But such a hypothetical offer is not on the table. All that stuff about Cousins' affordable contract and talent level? The Kings front office knows that too, and are certainly not looking to get fleeced. The real problem when people talk about trading the Lakers' second overall pick for an "All-Star caliber young player" is the pick would not be the only thing the Lakers would likely end up surrendering. Any team parting with a franchise player would almost certainly want at least Julius Randle and/or Jordan Clarkson to even begin serious trade discussions.

The Lakers have been drained of young talent for a very long time. That was fine when they were contenders and wanted veterans to fill out the end of the bench so that Phil Jackson could trust in Kobe Bryant in crunch time of huge playoff games, but less so in the 2014-15 season as the team was careening towards the lottery with no hope for the future, before everyone realized how lucky the team had gotten with Clarkson.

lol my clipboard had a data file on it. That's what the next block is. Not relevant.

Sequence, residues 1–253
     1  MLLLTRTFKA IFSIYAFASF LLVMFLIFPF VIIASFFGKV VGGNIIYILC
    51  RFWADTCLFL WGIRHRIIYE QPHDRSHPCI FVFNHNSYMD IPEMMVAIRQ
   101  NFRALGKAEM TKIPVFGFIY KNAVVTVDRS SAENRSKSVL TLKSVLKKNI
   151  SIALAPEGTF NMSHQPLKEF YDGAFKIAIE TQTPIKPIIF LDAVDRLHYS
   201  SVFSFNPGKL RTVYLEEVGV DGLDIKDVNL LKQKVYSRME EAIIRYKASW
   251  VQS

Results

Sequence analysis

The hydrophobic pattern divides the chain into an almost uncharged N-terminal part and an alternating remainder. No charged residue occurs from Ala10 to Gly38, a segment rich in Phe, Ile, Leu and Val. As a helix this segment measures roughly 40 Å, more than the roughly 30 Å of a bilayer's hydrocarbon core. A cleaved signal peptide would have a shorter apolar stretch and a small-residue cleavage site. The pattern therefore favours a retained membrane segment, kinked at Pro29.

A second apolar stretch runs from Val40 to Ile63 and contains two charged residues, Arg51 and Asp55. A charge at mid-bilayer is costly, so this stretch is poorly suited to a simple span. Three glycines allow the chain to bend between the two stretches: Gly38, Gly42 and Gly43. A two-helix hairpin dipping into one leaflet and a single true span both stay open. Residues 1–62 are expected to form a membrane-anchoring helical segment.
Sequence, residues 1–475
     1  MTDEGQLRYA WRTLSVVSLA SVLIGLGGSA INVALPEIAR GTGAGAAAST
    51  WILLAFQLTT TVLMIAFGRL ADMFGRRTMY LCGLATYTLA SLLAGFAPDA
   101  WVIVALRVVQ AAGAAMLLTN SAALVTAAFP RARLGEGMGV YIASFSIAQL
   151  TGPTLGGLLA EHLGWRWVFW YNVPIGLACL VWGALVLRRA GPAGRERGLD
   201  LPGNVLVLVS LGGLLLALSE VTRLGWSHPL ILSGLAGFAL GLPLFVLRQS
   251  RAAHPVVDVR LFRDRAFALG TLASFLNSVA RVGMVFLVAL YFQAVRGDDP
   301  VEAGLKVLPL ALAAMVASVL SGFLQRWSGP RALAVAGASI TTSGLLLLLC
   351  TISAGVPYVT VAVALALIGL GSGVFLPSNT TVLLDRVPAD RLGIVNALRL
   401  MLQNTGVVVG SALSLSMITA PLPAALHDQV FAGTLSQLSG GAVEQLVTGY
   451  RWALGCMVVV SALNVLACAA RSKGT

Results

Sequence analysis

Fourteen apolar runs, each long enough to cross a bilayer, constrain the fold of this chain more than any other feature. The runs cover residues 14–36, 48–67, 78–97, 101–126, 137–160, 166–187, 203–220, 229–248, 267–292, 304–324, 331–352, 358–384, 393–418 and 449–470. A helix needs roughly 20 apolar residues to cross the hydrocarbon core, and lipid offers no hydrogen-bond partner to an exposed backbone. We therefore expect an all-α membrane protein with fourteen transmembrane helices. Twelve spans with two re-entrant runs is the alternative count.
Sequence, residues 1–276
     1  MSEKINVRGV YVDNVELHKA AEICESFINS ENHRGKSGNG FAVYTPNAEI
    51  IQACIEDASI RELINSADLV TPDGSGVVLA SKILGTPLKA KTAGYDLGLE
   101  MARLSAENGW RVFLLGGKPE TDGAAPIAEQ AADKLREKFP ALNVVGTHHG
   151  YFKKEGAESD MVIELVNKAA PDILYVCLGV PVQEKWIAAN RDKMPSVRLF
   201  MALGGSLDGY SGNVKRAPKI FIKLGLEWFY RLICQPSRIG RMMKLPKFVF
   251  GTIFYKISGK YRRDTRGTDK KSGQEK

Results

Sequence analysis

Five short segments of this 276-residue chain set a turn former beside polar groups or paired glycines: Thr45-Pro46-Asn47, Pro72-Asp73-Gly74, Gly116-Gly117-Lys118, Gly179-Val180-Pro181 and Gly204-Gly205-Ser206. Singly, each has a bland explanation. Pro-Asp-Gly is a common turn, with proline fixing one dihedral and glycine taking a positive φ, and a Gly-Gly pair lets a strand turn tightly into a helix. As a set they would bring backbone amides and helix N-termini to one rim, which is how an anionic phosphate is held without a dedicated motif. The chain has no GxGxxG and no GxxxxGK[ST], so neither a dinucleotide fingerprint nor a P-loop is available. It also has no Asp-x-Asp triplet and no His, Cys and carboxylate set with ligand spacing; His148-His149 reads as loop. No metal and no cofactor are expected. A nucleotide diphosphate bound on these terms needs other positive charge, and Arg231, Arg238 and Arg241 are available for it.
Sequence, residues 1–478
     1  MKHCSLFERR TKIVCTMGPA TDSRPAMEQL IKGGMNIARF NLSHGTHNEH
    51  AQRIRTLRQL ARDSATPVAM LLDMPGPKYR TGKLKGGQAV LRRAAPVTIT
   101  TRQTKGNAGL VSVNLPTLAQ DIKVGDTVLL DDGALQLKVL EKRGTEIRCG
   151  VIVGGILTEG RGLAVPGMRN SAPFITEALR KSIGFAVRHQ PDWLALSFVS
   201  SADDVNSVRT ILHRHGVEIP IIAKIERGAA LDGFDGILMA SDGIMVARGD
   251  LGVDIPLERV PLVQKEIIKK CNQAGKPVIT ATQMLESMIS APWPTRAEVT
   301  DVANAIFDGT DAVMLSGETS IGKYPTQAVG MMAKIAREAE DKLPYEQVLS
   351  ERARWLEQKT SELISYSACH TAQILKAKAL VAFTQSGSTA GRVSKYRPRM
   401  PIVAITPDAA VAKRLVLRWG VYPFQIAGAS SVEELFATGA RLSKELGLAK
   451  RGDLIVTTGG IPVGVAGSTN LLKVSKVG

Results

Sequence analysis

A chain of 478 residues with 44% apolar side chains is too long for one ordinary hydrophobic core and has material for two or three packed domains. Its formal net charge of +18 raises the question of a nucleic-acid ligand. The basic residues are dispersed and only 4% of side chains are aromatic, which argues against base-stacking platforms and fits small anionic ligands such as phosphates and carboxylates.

If the Lakers were to package their young assets for a player like Cousins, of course that would be exciting in the short-term. Perhaps the team could even use Cousins as a lure for other free agents, and build a new big two or three in 2016 when the team would still have up to $60 million in cap space if they signed no long-term free agents this summer. There are a lot of "ifs" involved in that scenario, however, and while a core of Towns/Okafor, Randle, and Clarkson is no sure thing, those are three young players on bargain bin contracts that give the team depth at multiple positions.